All of that was enough to have me running at or over full capacity. I was writing and reading tons of essays, slaving away at a bullshit but necessary occupation, losing sleep and hemorrhaging cash to drive to Dallas without a broken heater in the middle of winter, assuming all of the stress and responsibility of a professional radio position with none of the pay or benefits, and driving myself mad trying to figure out just how or when I was going to pull some actors together to help me pull three acceptable short films out of my ass.


And then I received more bad news than my soul was prepared to hear at the worst possible time for me to hear it. My mother had been laid off several months before and was keeping it a secret from the rest of the family. She was the one who was paying my rent since my school schedule didn’t allow me to work enough to pay it myself. Now we had no income and she was having a very hard time finding a new job. She had worked for JP Morgan Chase (much to my chagrin) for several years, climbing her way up the corporate ladder the hard way; without a college education, without hand-outs or favors from connected relatives, and as a working single mother in a patriarchal corporate culture of sexism and vicious competition. And now she would have to start all over from the very bottom…that is…if she could find a new job.


That wasn’t all. My mother and stepfather had split up again for reasons that have still not been fully explained (not that they ever are) and now that our household has only one unemployed occupant my mother would have to sell the house and move back into an apartment to cut costs and save money. Then I learned that my uncle had also been laid off, but with his A&M education and business connections he later found a new job, although at the time he was very stressed. I also learned that my grandparents had fallen victim to some very poor financial advice and had a lot of their savings. My grandfather still works, he is a distinguished professor at the University of Florida, but my grandmother didn’t have a reliable income and now she would also have to sell her house, the house I grew up in and cherished more than my own. This hurt more than the news that we would be losing our house which I only lived in for three or four years before moving to Denton, although my mother’s unemployment was by far the worse news…well, almost.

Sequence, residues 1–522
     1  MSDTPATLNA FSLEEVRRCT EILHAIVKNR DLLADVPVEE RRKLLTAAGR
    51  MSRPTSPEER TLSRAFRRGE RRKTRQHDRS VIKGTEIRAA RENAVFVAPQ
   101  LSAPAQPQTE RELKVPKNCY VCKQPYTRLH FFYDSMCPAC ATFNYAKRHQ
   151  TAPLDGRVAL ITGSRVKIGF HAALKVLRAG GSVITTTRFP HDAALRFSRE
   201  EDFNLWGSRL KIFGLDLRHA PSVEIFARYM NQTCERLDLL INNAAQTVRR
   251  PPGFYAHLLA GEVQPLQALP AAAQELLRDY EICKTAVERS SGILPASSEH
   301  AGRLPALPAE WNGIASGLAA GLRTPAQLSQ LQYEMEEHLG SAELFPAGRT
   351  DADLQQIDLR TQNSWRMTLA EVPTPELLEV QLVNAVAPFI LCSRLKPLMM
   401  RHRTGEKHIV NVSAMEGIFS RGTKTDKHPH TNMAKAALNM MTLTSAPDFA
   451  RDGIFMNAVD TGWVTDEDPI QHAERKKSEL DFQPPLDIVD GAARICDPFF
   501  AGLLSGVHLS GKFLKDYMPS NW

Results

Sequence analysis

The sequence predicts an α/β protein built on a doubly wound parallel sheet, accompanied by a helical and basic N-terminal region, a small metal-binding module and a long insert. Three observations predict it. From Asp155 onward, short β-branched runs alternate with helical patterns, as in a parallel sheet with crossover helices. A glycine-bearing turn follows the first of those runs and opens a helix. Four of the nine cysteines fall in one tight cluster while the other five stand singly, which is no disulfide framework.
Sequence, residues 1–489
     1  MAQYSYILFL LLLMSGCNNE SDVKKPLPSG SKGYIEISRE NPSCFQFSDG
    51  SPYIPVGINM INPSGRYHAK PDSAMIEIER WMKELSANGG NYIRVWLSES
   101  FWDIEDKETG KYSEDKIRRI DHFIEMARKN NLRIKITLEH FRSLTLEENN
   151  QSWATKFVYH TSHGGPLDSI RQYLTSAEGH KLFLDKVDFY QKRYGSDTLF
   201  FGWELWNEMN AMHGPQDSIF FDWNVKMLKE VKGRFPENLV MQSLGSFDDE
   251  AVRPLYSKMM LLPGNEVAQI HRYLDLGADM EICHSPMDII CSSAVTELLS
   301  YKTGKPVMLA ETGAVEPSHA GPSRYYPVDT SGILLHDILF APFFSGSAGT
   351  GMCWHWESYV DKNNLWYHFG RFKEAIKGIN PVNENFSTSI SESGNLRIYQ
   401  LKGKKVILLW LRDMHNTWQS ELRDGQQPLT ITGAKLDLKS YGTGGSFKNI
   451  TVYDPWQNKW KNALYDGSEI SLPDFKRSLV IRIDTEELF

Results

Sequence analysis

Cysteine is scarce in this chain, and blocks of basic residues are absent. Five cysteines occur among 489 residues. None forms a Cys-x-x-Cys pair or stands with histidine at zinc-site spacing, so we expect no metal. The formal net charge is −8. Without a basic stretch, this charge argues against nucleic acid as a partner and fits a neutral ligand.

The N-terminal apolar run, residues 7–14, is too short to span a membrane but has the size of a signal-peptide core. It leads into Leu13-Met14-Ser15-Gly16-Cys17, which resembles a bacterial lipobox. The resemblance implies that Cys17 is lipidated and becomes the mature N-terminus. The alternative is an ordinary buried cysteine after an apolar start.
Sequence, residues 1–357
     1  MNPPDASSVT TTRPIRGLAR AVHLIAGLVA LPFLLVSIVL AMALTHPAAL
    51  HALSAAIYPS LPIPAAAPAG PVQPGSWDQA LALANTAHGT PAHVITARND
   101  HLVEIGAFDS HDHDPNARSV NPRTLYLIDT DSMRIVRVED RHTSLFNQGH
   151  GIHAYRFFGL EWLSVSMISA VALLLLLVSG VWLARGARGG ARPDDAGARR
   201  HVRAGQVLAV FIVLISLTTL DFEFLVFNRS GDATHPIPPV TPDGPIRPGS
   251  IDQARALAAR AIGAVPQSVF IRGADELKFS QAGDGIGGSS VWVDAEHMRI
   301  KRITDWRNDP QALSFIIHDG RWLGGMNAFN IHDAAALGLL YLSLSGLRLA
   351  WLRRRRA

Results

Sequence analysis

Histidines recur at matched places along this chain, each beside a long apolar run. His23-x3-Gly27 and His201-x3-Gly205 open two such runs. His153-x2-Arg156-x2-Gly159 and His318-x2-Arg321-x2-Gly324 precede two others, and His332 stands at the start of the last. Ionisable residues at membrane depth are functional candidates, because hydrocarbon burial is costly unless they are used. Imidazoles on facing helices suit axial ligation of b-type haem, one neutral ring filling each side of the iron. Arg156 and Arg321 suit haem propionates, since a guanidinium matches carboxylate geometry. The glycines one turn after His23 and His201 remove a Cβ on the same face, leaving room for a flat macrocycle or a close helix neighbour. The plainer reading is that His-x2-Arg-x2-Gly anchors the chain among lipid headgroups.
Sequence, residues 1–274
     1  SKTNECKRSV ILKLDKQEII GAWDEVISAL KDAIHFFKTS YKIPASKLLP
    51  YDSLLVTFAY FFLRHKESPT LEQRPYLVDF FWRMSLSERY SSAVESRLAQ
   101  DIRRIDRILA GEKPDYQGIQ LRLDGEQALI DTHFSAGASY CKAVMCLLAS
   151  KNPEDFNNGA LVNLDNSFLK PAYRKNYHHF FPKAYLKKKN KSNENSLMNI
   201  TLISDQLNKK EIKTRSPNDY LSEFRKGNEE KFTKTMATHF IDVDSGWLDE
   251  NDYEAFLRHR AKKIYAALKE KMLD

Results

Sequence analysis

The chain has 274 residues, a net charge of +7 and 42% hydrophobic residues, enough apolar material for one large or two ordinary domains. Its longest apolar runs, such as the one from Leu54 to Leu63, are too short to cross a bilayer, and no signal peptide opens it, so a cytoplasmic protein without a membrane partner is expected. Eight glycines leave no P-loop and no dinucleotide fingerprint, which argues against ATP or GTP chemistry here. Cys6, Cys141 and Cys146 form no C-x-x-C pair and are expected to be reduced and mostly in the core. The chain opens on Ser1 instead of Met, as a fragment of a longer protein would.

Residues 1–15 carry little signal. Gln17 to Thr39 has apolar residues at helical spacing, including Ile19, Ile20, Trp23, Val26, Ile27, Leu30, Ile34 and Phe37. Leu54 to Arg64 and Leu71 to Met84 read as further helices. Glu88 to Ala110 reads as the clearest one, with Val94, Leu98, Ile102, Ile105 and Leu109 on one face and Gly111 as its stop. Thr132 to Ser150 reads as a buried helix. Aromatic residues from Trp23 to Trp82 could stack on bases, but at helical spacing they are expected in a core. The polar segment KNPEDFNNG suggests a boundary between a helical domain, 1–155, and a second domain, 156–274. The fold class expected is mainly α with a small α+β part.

So two of my most important financial life-lines, my mother and my uncle, were now unemployed. The house of my childhood and the house of my adolescence were now gone. Our fragile and amoebic family unit had once again changed shape without announcement or explanation. And that wasn’t even the worse of it. My grandfather, my “Grampi”, one of my best friends in the world, the man who first showed me the world, and the Graham that I have the most respect and admiration for had been diagnosed with prostate cancer and was having a hard time paying for his treatment, let alone dealing with the illness. All of this was more than I could bear.